At a time when the first phase of the Dulles Metro rail project may be six months behind schedule -- possibly delaying its opening until mid-2014 -- Metro is facing additional delays in securing the train cars it needs to accommodate the new line.
The cars had already endured several funding holdups before the March tsunami and earthquake devastated Japan, putting Kawasaki, the company developing the cars, behind schedule.
|Dulles Metro Phase 1|
|Location: From East Falls Church to Wiehle Avenue in Reston, with four stops in Tysons Corner|
|Cost: $2.7 billion|
|Start date: March 12, 2009|
|Opening due: Late 2013|
|Work done: 47 percent|
|Who's paying: Dulles toll road users, $1.2 billion; Tysons Corner landowners, $400 million; federal government, $975 million; Virginia, $176 million.|
|A Short history of Dulles Metro rail|
|1962 D.C. transit study proposes monorail in Dulles corridor.|
|1984 Virginia opens the Dulles Toll Road.|
|1992 Virginia transportation officials adopt plan to build rail to Dulles by 2005.|
|1998 Department of Transportation creates the Dulles Corridor Task Force.|
|1999 Developers propose taking the rail line through Tysons Corner.|
|2000 Environmental review starts.|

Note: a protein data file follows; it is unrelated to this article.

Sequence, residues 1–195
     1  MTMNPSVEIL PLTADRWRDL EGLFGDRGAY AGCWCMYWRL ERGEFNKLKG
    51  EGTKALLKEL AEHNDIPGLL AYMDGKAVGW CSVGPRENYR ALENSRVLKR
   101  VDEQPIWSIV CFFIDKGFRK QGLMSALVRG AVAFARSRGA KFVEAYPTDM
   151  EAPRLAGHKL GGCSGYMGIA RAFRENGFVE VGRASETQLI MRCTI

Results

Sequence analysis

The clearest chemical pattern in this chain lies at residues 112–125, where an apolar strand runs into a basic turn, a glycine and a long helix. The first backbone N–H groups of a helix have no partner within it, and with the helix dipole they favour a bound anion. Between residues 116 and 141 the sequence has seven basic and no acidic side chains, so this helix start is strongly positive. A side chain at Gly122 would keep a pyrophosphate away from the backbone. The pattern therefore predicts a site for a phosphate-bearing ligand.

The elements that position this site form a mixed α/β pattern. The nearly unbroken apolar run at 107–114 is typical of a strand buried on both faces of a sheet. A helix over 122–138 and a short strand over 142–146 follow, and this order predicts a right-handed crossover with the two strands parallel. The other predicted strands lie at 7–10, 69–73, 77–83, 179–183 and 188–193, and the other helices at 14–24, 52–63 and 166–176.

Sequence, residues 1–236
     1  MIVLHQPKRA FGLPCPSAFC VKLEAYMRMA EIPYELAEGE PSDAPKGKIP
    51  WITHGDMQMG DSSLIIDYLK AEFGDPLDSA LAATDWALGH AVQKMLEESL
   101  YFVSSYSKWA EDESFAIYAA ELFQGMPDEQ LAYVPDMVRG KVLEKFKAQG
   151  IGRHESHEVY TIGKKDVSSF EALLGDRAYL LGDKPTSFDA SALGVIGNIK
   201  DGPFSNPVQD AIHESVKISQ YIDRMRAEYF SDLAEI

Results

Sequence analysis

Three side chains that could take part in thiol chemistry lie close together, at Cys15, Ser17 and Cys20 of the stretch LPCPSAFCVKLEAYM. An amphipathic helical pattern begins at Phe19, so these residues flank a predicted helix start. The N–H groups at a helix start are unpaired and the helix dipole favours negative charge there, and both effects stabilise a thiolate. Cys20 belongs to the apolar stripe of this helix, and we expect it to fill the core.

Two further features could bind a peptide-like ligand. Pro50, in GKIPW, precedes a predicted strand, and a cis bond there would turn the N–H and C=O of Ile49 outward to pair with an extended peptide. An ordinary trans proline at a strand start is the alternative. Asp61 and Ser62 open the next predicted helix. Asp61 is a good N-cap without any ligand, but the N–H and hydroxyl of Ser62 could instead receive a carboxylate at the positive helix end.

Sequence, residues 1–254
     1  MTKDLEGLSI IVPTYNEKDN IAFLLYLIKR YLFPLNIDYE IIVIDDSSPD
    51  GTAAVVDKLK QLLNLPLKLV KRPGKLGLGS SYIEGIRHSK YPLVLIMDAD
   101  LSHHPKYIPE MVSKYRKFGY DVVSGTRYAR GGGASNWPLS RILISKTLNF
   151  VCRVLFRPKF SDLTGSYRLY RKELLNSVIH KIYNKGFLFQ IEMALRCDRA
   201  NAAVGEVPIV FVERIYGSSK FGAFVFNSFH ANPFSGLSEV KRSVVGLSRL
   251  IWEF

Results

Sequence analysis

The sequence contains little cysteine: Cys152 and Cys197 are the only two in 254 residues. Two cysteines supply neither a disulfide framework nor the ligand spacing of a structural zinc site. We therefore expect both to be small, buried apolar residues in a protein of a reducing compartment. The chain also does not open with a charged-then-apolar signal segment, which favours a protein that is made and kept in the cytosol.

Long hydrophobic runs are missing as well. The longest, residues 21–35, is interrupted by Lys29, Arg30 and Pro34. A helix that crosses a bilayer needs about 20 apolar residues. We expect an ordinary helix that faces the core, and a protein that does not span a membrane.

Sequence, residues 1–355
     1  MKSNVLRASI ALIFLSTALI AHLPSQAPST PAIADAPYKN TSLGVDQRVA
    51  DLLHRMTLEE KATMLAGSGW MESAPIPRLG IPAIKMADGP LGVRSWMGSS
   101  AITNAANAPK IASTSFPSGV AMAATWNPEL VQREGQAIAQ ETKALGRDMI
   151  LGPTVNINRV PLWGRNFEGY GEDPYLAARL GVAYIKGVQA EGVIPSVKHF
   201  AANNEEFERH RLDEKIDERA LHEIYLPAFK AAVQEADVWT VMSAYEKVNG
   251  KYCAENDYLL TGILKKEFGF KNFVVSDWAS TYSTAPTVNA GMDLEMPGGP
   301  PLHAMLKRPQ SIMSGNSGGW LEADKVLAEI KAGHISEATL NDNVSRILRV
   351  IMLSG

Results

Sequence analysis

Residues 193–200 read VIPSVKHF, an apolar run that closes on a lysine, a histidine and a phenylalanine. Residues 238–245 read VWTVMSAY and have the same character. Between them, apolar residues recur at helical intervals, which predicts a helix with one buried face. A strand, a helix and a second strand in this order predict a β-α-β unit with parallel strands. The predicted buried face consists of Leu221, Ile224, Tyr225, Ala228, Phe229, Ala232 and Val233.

|2002 Metropolitan Washington Airports Authority and Fairfax and Loudoun counties agree to split 25 percent of the costs.|
|2006-2008 Officials debate whether to put the Tysons stations above or below ground. They decide above.|
|2007 Federal authorities say the project's cost have grown too high to qualify for federal funding.|
|2008 Advocates for the project speak out, and federal authorities reverse position on funding.|
|2009 The federal government agrees to contribute $900 million to Phase 1; construction begins.|
|2011 Transportation Secretary Ray LaHood called in to break a stalemate over financing Phase 2; negotiations ongoing.|
The new delivery schedule has the cars arriving in Washington sometime between January 2013 and January 2015, according to a Fairfax County audit of the Dulles Metro rail project.
Metro officials said they could use existing cars to accommodate the additional rail line until the new cars arrive. Metro spokesman Dan Stessel said Washington Metropolitan Area Transit Authority would provide cars on the Silver Line's opening day, no matter what.